Melania Trump's Farewell Outfit Is Turning Heads. Here's Why

While Donald Trump and his wife Melania Trump didn't attend Joe Biden's inauguration, they did have a ceremonial exit on Jan. 20, 2021. The former president parted with a few closing words and said, "We will be back in some form... So have a good life. We will see you soon," according to CNN. This came a day after Donald's farewell speech, a video that raised some eyebrows for his contentious and disputable comments.

He and Melania then took their final flight in Air Force One, taking off to their home at Mar-a-Lago in Florida while Frank Sinatra's "My Way" played in the background.

Despite the pomp and circumstance of Trump's last moments as president, it was Melania who stole the show in her last outfit as first lady. In her typical way, she used her wardrobe to make a statement. So what did she say with this last outfit? We've got the scoop.

Melania wore all black and nothing by American designers

As Melania Trump left Washington, D.C. for the last time as first lady, she chose an all-black outfit. The outfit was a notable one because Melania didn't wear any American designers. Melania wore a Chanel jacket, a dress by Dolce and Gabbana, shoes by Christian Louboutin, and a Hermès Birkin bag, according to the New York Post. The outlet notes that the bag, made of crocodile, is worth approximately $50,000.

Melania's outfit, as noted by Hello! Magazine, carried a message of its own. There's no denying that she looked incredibly chic and channeled an Audrey Hepburn vibe, circa Breakfast at Tiffany's. Unfortunately for her and this classic film inspiration, she was flying to Florida rather than New York.

At the same time, Twitter couldn't help but notice how somber the all-black look was, giving major funeral vibes. Michael Cohen, Trump's former lawyer, tweeted: "Is it me or does Melania Trump look like she is dressed for a funeral?" Another person tweeted about the Trump family, "They were all crying like it was a funeral." It was certainly a sad day for the Trump family, and Melania's wardrobe clearly gave a somber tone. Meanwhile, Kamala Harris and Dr. Jill Biden's outfits were also causing a stir for the exact opposite reasons.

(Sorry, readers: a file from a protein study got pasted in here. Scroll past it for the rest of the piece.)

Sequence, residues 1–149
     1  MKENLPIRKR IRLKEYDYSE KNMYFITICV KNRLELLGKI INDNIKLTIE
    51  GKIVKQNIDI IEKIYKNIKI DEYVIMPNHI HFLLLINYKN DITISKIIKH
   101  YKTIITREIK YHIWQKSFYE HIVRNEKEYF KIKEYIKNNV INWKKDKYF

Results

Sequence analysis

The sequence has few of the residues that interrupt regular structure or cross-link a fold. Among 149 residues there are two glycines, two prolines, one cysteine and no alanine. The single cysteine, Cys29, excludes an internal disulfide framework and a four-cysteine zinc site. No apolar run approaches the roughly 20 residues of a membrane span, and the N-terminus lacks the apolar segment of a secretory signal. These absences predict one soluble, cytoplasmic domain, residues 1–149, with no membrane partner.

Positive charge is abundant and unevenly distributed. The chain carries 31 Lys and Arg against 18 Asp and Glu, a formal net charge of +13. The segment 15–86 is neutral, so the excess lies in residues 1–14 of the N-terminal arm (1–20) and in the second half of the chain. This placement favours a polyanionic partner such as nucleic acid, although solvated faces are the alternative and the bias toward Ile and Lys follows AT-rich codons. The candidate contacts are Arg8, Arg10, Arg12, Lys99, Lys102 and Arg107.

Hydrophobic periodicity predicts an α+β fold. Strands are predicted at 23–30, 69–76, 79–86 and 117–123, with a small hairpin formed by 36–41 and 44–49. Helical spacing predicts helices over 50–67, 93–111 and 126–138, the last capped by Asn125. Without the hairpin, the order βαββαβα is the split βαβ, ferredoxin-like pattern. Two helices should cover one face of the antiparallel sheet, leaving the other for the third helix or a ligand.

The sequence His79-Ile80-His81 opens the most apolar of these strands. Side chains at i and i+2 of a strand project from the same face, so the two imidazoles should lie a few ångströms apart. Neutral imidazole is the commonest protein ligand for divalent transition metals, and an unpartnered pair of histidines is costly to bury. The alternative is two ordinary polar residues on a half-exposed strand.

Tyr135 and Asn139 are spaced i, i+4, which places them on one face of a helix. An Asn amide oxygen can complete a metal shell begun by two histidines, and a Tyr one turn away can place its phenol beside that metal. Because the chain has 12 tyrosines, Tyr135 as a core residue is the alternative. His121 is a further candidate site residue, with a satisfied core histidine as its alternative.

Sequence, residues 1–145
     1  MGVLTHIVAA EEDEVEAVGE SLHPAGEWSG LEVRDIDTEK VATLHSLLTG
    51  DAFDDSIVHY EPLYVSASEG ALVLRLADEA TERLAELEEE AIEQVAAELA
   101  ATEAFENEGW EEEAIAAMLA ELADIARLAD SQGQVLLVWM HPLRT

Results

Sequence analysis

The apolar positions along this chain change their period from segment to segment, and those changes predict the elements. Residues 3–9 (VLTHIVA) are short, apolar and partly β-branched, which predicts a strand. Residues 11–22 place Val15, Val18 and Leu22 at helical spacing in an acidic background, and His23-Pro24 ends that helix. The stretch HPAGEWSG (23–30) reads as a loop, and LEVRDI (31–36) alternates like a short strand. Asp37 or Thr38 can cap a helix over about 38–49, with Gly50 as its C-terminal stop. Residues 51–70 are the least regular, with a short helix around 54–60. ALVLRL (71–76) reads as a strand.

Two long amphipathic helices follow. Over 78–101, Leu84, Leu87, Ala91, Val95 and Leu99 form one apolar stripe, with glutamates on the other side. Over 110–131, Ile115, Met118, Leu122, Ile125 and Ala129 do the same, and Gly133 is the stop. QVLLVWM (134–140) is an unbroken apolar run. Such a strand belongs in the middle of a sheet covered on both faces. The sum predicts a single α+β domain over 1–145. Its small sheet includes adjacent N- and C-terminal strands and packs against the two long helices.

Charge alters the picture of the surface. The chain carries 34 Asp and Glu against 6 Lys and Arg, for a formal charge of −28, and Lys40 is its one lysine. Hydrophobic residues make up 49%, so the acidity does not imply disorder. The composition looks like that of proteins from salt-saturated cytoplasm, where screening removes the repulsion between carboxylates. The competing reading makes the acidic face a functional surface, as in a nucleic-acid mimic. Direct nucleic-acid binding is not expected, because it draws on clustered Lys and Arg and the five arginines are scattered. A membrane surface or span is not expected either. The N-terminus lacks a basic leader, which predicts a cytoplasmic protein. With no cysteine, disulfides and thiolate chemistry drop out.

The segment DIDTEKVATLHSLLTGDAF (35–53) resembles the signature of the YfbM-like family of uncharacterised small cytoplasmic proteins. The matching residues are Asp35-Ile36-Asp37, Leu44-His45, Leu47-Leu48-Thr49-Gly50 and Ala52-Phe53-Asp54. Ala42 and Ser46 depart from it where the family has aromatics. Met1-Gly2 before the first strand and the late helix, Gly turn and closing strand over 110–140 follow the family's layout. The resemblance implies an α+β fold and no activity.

Kamala Harris and Dr. Jill Biden's outfits stood out in stark contrast to Melania's

The fact that wardrobes (and their designers) send a message is nothing new. In notable contrast, on the same day that Melania Trump wore all black and no American designers, Vice President Kamala Harris wore a striking purple outfit. Her coat, according to Harper's Bazaar, was made by Christopher John Rogers, who is a Black American and queer designer. Harris also wore designs from Black designer Sergio Hudson according to Marie Claire — and of course, she wore pearls.

Dr. Jill Biden, on her first day as first lady, also chose an opposite ensemble from Melania. She wore an all-blue outfit, with a tweed coat trimmed in velvet, and zhuzhed up with pearls and Swarovski crystals. The outfit was made by "Colorado-born designer Alexandra O'Neill of the emerging American label Markarian," according to CNN. O'Neill said to CNN: "It is an incredible honor to dress Dr. Biden today. I am so humbled to be even a small part of American history."

While Harris and Biden brought a punch of color to the inauguration, people weren't done talking about Melania's dark ensemble and the deeper meaning behind it. This isn't, after all, the first time she's caused drama through wardrobe choices.

Melania Trump's outfits continue to make waves

We know now the social ramifications that a wardrobe can make, and Melania Trump has made waves before. There was her green jacket which read, "I really don't care, do u?" when she went to visit a children's shelter in 2018, according to the BBC. There was also the time in 2017 when she wore a $51,500 Dolce and Gabbana jacket while visiting Sicily, according to CNN. Those are some big statements.

In response to the final outfit Melania chose to wear as first lady, a look that included a $50,000 Hermès Birkin bag, one person tweeted a colloquial reference to Marie Antoinette to emphasize how out of touch she was from her people: "Let them eat cake." Another person responded to a tweet from the New York Post, talking about how expensive her final outfit was, and said, "Every outfit in her closet is a high priced outfit...."

Melania's all-black ensemble carries a message: a return to wealthy, upper echelons (though, to be fair, did she ever leave?) and interests that don't necessarily include America.